Issue Three

Spring 2012

 

One thread of an online forum I take part in asked if poetry editors need to be poets. Why, we asked ourselves, would any poet want to be an editor?

Probably you don’t need to be a poet to edit a poetry magazine, but it certainly helps. The two roles complement each other. An editor needs to have a feel for what a poem is trying to do, where it has come from, what the poet might want to achieve. The more the editor understands about the actual practice of creating a poem, the easier it is to decide if something “works” or “fits” or “is clichéd”. In fact, an editor who is also a poet can sometimes get under the skin of a poem and see why it is the way it is, and perhaps also how it might be better.

A good poet needs to be a good editor of their own work, but can also learn by editing the work of others. A poet who’s an editor has to brush against all sorts of ideas and approaches which he or she might never otherwise encounter. Making a conscious decision about whether unexpected poems are “good” or “interesting” or “work well” forces you to be more aware of a whole host of considerations you might not normally attend to in your own work. So judging the work of others also helps you formulate your own poetics, though largely in a sort of case by case way: you gradually learn what things work in poetry for you, and what you want to avoid.

The editors in this forum had a long list of things they wanted to avoid in poems sent to them. I won’t bore you with the list here, but what it boiled down to was that editors wanted to be excited. They wanted to be energised, aroused, surprised, intrigued, made to sit up or even spin around, made to think and made to feel. Editors spend a lot of time reading a large amount of not very exciting material. So when something special or different or startling or simply brilliantly executed lands in their inboxes, that’s when they feel that the job is worth the effort.

And, of course, editors like the buzz of putting work that’s excited them in front of others. We’re all keen to excite our readers. Rosemary and I are really pleased with Issue 3 of Antiphon for this reason. Each issue, we’ve felt, has offered more work that has surprised and delighted us, each time in slightly different ways. Again we're able to bring you a wide range of styles and impacts, from the mysterious to the energetic, from the dark to the illuminating. We asked for poems on the theme of technology to celebrate the Turing centenary.  Our initial idea was to have a separate Act of these poems, but apart from a few that address computing and technology head-on, it became difficult to separate them from the other poems - like the technologies themselves, the ideas provide a backdrop for wider themes.  We have therefore scattered the strictly technological in with work concerned with very different ideas, and we think it provides an interesting contrast.

We’re very pleased with Antiphon’s success. So now we’re wondering how it might develop. We’re thinking that we could include more poems, or more reviews, or perhaps more articles. We’re wondering about offering a pdf version readers can print and keep. Would a featured poet be a good idea? Should we have a themed section in each issue? Would a “readers’ letters” section be a good idea? Or perhaps a popular vote for the best poem in each issue?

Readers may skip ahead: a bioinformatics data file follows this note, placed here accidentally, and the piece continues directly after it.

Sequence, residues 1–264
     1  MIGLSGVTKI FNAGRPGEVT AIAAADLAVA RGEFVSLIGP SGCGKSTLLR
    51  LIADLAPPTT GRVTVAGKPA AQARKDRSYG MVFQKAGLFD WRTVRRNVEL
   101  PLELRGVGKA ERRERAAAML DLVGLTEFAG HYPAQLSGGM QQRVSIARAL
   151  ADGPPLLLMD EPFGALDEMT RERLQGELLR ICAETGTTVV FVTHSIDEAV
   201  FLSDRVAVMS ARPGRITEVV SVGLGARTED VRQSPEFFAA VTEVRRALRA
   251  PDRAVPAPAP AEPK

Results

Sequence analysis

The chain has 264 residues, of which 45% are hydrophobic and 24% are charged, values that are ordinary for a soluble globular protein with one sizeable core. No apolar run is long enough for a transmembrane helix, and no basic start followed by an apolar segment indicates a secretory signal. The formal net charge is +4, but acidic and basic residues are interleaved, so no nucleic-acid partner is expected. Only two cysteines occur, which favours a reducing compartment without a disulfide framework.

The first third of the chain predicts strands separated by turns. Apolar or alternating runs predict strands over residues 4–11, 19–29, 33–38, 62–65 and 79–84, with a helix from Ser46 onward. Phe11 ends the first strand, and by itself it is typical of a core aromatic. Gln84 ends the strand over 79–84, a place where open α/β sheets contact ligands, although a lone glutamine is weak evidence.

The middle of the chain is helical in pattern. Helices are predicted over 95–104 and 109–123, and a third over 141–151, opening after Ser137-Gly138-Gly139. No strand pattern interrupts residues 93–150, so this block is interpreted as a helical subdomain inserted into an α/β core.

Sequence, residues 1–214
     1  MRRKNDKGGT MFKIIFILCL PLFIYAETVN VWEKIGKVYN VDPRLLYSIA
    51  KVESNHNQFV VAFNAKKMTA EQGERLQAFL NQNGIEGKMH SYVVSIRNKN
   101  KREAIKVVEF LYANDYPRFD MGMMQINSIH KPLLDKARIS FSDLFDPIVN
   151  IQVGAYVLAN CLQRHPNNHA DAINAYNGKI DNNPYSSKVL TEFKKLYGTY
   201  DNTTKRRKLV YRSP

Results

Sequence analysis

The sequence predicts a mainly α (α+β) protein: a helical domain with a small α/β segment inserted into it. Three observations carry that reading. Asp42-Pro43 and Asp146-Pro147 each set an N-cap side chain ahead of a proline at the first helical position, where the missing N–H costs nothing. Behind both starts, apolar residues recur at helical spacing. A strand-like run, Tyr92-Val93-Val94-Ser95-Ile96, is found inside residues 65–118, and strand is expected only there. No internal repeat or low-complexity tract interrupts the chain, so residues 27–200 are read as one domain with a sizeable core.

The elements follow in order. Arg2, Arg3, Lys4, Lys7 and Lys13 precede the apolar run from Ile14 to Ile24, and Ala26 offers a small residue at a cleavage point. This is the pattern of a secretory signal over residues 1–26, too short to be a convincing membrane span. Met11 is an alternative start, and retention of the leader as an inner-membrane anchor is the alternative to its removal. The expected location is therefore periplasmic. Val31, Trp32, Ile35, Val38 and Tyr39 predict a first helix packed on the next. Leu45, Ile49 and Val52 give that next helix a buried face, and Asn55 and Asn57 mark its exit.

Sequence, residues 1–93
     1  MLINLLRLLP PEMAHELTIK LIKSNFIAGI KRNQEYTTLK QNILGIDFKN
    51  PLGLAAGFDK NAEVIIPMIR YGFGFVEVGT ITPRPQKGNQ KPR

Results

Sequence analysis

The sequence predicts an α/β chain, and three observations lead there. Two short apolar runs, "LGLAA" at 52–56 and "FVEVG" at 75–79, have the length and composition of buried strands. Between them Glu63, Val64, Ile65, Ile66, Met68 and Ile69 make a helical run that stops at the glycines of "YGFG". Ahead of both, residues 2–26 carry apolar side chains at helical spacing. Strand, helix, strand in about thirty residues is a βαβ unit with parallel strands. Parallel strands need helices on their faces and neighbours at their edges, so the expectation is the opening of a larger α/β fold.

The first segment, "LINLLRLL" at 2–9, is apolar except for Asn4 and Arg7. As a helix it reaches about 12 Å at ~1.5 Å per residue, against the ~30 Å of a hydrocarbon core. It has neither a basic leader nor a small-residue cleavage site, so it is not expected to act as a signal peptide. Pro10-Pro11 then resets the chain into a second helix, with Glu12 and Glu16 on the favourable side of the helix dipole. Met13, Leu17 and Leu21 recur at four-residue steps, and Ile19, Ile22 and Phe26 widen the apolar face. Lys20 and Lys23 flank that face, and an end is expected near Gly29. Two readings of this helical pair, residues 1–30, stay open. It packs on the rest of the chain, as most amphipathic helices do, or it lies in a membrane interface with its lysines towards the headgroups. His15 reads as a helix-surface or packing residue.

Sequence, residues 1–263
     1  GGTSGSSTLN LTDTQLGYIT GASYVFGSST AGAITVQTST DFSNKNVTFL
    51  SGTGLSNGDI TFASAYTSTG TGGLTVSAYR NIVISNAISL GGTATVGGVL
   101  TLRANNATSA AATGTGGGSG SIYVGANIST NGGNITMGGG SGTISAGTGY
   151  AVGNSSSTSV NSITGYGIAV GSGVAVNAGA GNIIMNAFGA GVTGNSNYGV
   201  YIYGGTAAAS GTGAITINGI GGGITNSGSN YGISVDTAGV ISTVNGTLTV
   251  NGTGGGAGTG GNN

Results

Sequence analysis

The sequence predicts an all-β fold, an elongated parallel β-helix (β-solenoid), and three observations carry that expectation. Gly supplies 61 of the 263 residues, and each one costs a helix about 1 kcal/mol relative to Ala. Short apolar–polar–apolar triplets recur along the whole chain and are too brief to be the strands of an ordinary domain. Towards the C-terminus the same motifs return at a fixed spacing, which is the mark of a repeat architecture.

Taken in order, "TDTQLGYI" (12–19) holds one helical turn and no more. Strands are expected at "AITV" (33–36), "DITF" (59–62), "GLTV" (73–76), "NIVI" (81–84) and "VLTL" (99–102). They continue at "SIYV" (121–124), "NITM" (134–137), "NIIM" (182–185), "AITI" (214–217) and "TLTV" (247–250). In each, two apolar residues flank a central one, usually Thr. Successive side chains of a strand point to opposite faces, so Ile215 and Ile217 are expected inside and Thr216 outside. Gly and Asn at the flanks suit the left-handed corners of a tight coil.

We’d like you to tell us what works in our magazine, and what you might perhaps like to see more of. Email us with your views and ideas, and we’ll see whether we can implement some of the best. We want Antiphon to grow, and we’d like our readers to help feed that growth. You can This email address is being protected from spambots. You need JavaScript enabled to view it. here, or you might like to add a note to our Facebook page.

And, if you are going to write to us, you might want to polish up a sonnet or two, too. Issue 4 will have a sonnet theme. Send us your sonnets. We want to see how you can give the sonnet a contemporary twist, but we’re keen on the traditional forms, too.

Noel Williams

 


Alan Turing

Alan Turing was an English mathematician who was highly influential in the development of computer science and the creation of modern computers.  Nature magazine recently called him ‘one of the top scientific minds of all time’.  He defined how a computer could be created to read instructions and follow a list of rules to produce an output, and what type of problems it could tackle. He was also involved in the cracking of the Enigma machines used by the Nazis in World War II to encode messages – particularly important in reducing the loss of shipping by Nazi submarines. He later worked on ideas about mathematical biology, brains and artificial intelligence – including the Turing Test. He was convicted of homosexuality in 1952 and died from cyanide poisoning in 1954, believed to be by his own hand. His achievements are now being more widely appreciated as war-time papers are declassified.

Alan Turing on wikipedia
Alan Turing Centenary

 



We're also pleased to promote a memorial to the wonderful poet, short story writer and man, Archie Markham. The EA Markham Fellowship was established at Sheffield Hallam University, UK, to honour the founder of the MA Writing. The 2012 award will be for poetry. Aspiring poets are invited to apply for the course by November 1 2012, submitting a sample of no more than 8 poems and indicating that they wish to be considered for the Markham Fellowship. The chosen winner will be admitted onto the course, all tuition fees paid. See Sheffield Hallam University for more details.